by Simon Boendermaker, Trainee Solicitor

On 7th November, Tenant Farming Commissioner (“TFC”) Bob McIntosh announced that the Scottish Government intends to make legislation in 2019 to introduce the repairing standard to agricultural holdings. 

The repairing standard is the minimum standard which most homes let for human habitation must meet. To meet the standard, the landlord is responsible for ensuring: 

  1. The property is wind and watertight;
  2. The exterior of the house, including drains, gutters and external pipework must be in a reasonable state of repair and working order;
  3. Any installations for the supply of water, gas, electricity, sanitation and heating (including hot water) must be in a reasonable state of repair and working order;
  4. Any fixtures, fittings and appliances provided by the landlord under the tenancy are in a reasonable state of repair and in proper working order;
  5. Any furnishings provided by the landlord under the tenancy are capable of being used safely for the purpose for which they are designed;
  6. The house has satisfactory provision for detecting fires and for giving warning in the event of fire or suspected fire; and
  7. The house has satisfactory provision for giving warning if carbon monoxide is present in a concentration that is hazardous to health. 

This standard does not currently apply to housing which is provided as part of an agricultural holding, croft or small landholding. In most of these cases, the farmhouse will be treated as an item of fixed equipment, like a shed. This means that the landlord will be responsible for fixing parts of the farmhouse worn out through fair wear and tear, while the tenant is otherwise generally responsible for repairing and maintaining the farmhouse. In situations such as this, landlords must have regard for the TFC Code of Practice on the Maintenance of the Condition of Tenanted Agricultural Holdings, which governs good practice for repairing and maintaining fixed equipment.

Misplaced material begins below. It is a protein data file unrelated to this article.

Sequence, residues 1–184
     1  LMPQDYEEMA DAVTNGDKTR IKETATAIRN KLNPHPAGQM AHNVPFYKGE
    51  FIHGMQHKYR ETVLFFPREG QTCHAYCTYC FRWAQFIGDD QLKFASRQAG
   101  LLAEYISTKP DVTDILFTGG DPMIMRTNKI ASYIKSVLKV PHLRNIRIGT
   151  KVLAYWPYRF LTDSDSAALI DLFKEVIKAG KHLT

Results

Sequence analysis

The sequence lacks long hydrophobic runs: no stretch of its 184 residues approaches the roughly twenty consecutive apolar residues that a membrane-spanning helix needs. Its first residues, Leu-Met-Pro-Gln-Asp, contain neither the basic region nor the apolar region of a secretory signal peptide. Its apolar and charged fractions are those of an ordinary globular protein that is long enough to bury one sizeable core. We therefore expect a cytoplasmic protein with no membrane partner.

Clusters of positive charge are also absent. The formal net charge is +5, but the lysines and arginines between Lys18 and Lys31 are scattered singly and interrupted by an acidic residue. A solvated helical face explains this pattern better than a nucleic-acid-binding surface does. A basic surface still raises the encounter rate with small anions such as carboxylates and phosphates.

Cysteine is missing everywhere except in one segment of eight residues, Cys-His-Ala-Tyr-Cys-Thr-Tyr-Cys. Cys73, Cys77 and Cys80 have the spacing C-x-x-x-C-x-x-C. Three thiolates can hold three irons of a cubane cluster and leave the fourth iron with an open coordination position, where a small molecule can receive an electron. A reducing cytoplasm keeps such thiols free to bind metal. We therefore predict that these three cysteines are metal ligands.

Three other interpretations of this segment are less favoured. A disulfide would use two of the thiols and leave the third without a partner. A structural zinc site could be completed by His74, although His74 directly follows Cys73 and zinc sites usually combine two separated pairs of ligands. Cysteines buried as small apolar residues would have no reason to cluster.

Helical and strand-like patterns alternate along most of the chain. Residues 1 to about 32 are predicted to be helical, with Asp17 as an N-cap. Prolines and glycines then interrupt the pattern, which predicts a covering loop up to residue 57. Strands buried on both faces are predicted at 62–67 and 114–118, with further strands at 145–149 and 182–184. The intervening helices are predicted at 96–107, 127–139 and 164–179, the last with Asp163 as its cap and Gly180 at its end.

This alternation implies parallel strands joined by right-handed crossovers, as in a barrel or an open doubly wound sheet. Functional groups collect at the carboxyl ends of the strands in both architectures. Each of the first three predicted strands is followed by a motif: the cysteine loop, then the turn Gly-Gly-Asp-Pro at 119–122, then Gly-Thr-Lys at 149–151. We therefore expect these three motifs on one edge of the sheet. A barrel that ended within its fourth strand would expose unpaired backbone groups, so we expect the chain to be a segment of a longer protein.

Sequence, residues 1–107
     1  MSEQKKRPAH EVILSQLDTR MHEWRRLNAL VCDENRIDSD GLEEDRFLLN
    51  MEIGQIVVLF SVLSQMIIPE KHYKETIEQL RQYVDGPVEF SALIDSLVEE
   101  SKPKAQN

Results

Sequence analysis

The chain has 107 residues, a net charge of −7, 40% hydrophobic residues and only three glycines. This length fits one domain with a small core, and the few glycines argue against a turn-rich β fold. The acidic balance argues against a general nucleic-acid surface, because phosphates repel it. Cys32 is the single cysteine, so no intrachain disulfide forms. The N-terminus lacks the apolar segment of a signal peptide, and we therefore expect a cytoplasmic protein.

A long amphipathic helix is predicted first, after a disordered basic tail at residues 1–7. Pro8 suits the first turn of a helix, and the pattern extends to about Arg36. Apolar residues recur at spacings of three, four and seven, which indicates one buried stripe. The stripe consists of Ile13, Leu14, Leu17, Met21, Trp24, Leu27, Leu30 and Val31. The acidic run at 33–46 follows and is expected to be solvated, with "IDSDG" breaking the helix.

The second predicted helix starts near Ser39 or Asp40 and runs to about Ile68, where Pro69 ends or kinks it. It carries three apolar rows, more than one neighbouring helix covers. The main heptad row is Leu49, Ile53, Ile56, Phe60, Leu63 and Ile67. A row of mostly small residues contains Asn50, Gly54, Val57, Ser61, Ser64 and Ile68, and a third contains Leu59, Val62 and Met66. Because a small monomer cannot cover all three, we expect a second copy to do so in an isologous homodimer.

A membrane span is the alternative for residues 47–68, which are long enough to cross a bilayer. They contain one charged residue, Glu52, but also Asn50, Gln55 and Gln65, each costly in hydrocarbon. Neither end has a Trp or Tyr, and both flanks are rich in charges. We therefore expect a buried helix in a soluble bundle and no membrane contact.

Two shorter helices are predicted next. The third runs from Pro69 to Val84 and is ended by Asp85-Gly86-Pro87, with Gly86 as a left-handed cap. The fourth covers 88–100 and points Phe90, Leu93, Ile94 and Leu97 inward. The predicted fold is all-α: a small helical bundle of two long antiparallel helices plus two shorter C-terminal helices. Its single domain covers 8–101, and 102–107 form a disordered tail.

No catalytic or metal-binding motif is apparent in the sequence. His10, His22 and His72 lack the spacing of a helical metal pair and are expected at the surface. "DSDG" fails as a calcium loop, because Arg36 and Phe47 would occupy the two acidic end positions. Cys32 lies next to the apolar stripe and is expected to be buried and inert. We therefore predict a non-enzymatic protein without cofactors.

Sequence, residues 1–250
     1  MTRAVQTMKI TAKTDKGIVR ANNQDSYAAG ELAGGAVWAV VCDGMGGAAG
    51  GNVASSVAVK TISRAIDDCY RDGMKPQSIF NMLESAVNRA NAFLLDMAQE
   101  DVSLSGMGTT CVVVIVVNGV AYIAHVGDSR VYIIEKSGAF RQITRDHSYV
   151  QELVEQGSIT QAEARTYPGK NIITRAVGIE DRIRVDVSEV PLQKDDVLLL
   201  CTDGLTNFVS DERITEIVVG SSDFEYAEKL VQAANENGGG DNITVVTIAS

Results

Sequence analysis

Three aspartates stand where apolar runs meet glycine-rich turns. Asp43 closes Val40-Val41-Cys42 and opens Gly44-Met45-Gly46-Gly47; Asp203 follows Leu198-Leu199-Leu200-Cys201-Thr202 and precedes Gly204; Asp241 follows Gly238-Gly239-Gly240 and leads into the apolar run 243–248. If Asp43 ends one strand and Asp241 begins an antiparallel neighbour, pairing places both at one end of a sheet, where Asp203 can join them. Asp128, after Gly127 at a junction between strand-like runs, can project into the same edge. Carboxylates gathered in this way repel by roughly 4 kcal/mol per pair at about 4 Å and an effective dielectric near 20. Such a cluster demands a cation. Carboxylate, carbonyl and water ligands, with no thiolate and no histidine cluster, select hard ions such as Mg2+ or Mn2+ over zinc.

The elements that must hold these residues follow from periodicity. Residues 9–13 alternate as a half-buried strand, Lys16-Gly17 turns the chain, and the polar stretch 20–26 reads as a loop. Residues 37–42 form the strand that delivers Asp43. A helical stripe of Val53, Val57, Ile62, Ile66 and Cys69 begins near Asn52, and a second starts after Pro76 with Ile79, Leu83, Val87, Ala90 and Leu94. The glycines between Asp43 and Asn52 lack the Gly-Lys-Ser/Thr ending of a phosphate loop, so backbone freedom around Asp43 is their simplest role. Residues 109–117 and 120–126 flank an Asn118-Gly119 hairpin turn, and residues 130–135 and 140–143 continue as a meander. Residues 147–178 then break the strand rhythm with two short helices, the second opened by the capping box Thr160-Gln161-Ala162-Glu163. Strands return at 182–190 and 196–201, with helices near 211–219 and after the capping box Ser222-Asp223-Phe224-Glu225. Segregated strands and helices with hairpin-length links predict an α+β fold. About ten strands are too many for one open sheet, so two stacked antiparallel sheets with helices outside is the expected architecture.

All of this has led to a situation where some farmhouses have mainly been improved by the landlord, some by the tenant, some equally by both and some have barely been improved during the tenancy. The hope is that introducing a repairing standard will provide clarity over the role of the landlord and tenant in maintaining the property. Usually, responsibility for fixed equipment is governed by post-lease agreements between the landlord and tenant, which can vary from lease to lease. 

However, where a tenant is letting out property, for example a cottage on the farm to an employee, as a separate sub-lease, then this will be subject to the repairing standard. It is important for the landlord of the agricultural tenancy to make the tenant aware of this, as there can be an assumption that the landlord of the agricultural tenancy also has the landlord’s responsibility in relation to any sub-leases. 

Although the legislation will be introduced next year, the TFC has indicated that the deadline for tenant housing in agricultural holdings to meet the repairing standard will be 2027. This should allow both parties ample time to discuss how best to achieve the repairing standard, particularly in situations where either a landlord or tenant has already carried out repairing obligations under a post lease agreement. In such situations, the parties will need to establish whether any work required is the responsibility of the landlord or tenant. Early engagement between both parties will therefore be necessary to address these issues and produce agreement well in advance of any deadline. 

If you require advice about the issues raised in this article or negotiations with your landlord/tenant relating to your agricultural tenancy, please do get in contact with us.